Fidget Spinners!


“Men’s Underwear on Sale” doesn’t sound too exciting, but a few weeks ago, it was my job to make this underwear sound like a must-have, on-trend shining beacon of wonder. I also had just under an hour to write 250 eye-catching words about this “Men’s Underwear on Sale.” The instructions stated that I should start with a verb, so I brainstormed the possibilities: Slip on? Wear? Don? I chewed on my pen, clicked the cap up and down, and wrung my hands. If only I could concentrate. If only I had:   A fidget spinner, known for its ability to focus the wayward mind.

I first learned about fidget spinners on LinkedIn. An article in my feed featured a picture of these shiny metallic gadgets, which definitely caught my attention and left me bedazzled. They were touted as the newest office toy, though they have been around for nearly twelve years according to a Washington Post article. They operate by the laws of physics and consist of 2-3 prongs with ball bearings in the middle. According to Justscience, the middle circle holds the spinner together. The prongs have ball bearings as well on the outer edges. As the spinner spins, the ball bearings reduce friction, so the spinner can whirl for a long time without stopping.

My son and his friend were more than willing to show me these laws of physics in action during a swim meet on Saturday.

“Mom, look! You put it on a flat surface,” Alex said, as he placed my newest office toy on top of a cooler lid. Then, he spun it while he and his friend stood by and watched.

“Wow! Cool!” they said in unison. Then, they just watched it spin over and over and over again.

“Whoa!” they said.

The spinner seemed to be weaving a spell on the boys. Was it helping them concentrate? Was it making them smarter? What is the fidget spinner’s magic powers? According to Drs. Tranter and Kerr, fidget toys can help children develop “self-regulatory skills,” when coping with ongoing stress. If presented with too many distractions in the classroom, fidget toys perhaps could help them “power down” and re-focus. Recently, a university professor tested a similar theory on university students in his “Site Construction” courses between 2008 and 2011. Dr. Slater concluded that students perceived that fidget toys were valuable in helping them re-focus their attention.   He used a 12-question Likert Rating Scale survey for 246 students. According to Slater, modern distractions for university students can include any of the following: fidgeting, chewing gum, chewing on pencils, nail biting, hair twirling, nose picking, clicking pens, tapping fingers, sleeping, doodling, eating food, drinking beverages, using cell phones, working cross-word puzzles, reading, and completing other assignments during class. At the end of each semester, many students seemed to accept and use the fidget toys when they encountered distractions. Several seemed to state that they were helpful.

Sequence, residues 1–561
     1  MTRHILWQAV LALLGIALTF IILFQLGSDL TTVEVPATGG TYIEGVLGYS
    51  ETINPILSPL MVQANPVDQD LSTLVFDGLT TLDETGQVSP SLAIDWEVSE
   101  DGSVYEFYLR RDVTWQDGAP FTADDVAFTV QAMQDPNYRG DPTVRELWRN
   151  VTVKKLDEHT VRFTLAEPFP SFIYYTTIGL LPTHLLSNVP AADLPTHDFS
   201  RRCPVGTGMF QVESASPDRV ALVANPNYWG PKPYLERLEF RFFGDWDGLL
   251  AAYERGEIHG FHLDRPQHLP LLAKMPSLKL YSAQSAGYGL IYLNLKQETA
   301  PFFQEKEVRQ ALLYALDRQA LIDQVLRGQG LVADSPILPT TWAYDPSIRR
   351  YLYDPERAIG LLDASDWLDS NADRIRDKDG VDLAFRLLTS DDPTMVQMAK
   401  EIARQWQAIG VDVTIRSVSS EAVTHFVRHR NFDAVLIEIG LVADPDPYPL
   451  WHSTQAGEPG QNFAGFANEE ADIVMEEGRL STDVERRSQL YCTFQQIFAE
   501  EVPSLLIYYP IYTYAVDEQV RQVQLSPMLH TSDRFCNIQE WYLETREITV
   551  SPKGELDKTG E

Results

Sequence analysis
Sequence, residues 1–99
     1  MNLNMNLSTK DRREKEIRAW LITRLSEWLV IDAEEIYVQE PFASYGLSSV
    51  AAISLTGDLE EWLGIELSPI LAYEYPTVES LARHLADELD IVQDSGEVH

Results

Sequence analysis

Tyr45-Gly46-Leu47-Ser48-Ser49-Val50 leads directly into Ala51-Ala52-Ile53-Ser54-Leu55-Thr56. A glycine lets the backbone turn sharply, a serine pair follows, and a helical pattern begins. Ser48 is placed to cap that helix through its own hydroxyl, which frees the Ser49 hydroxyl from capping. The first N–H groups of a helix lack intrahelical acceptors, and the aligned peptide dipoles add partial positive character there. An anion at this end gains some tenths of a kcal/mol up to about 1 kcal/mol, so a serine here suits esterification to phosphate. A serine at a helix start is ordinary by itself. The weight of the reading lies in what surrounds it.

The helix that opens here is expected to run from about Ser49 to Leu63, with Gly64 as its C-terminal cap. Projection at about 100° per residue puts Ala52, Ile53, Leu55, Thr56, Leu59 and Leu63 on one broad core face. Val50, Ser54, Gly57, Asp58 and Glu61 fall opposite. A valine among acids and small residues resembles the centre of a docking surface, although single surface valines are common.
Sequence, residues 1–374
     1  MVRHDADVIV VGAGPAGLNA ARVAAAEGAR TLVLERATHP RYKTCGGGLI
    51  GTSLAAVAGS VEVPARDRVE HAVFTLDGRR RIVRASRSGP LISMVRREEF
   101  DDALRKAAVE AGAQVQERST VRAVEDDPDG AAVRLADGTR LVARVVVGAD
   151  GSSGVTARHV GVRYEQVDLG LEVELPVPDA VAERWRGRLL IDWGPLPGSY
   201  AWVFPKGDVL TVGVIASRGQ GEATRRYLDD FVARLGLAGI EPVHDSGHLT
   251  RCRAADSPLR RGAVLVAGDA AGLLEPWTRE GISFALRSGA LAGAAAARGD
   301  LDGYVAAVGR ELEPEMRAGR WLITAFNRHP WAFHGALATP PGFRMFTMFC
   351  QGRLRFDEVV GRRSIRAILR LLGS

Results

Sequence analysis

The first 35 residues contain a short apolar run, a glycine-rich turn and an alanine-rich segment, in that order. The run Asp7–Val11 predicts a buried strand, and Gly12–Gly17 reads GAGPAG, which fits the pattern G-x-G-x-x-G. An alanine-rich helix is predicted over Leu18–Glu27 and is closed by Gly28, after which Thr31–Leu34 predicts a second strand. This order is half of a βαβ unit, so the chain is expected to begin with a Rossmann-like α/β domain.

However, some classrooms and schools around the United States and the United Kingdom have banned their use. According to Valerie Strauss’s article in the Washington Post, teachers and administrators believe that fidget spinners are too much of a distraction or can be dangerous. After seeing the spinner whirl about on top of a cooler lid at a swim meet, I wondered how dangerous they could be. As I scrolled through articles on my Iphone, I realized that there is more to this gadget than just spinning it around. I was missing out on a world of “tricks.” In fact, the YouTube video, “5 Easy Fidget Spinner Tricks,” showed me that I had much to learn. In less than two minutes, I caused a lot of damage. The “hand transfer” resulted in a knock on the side of my husband’s head. (He’s fine–just a little surprised.) My “hand wave,” I believe, was smooth and magical, but Nate, who was most annoyed by now, did not agree with my assessment. I wasn’t able to pass the spinner behind my back because it ended up in Nate’s lap. When I told him I only had two more tricks to go, he threatened to take the fidget spinner away. (Ahhh! Now I get why they’re banned!)

Alex’s friend showed me how he was able to balance the spinner on one finger, but he told me his school was banning these toys as well. Alex said that the kids at his school aren’t allowed to play with them either. He said that they were an “under the table kind of thing” because they sometimes got flung about the hallways.

I can’t tell you what effect a fidget spinner has on me—except that it helped me get through a VERY long swim meet. Even though I didn’t have a fidget toy when I wrote my “Men’s Underwear on Sale” description, I did eventually come up with a suitable starting verb: Take—as in: Take on the day! If I had a fidget spinner though, who knows what I would have come up with? Perhaps: Give—as in: Give these briefs a whirl!

I guess it just depends on how I’d spin it.

Your Turn: What are your distractions and what do you do to re-focus? Share and discuss!

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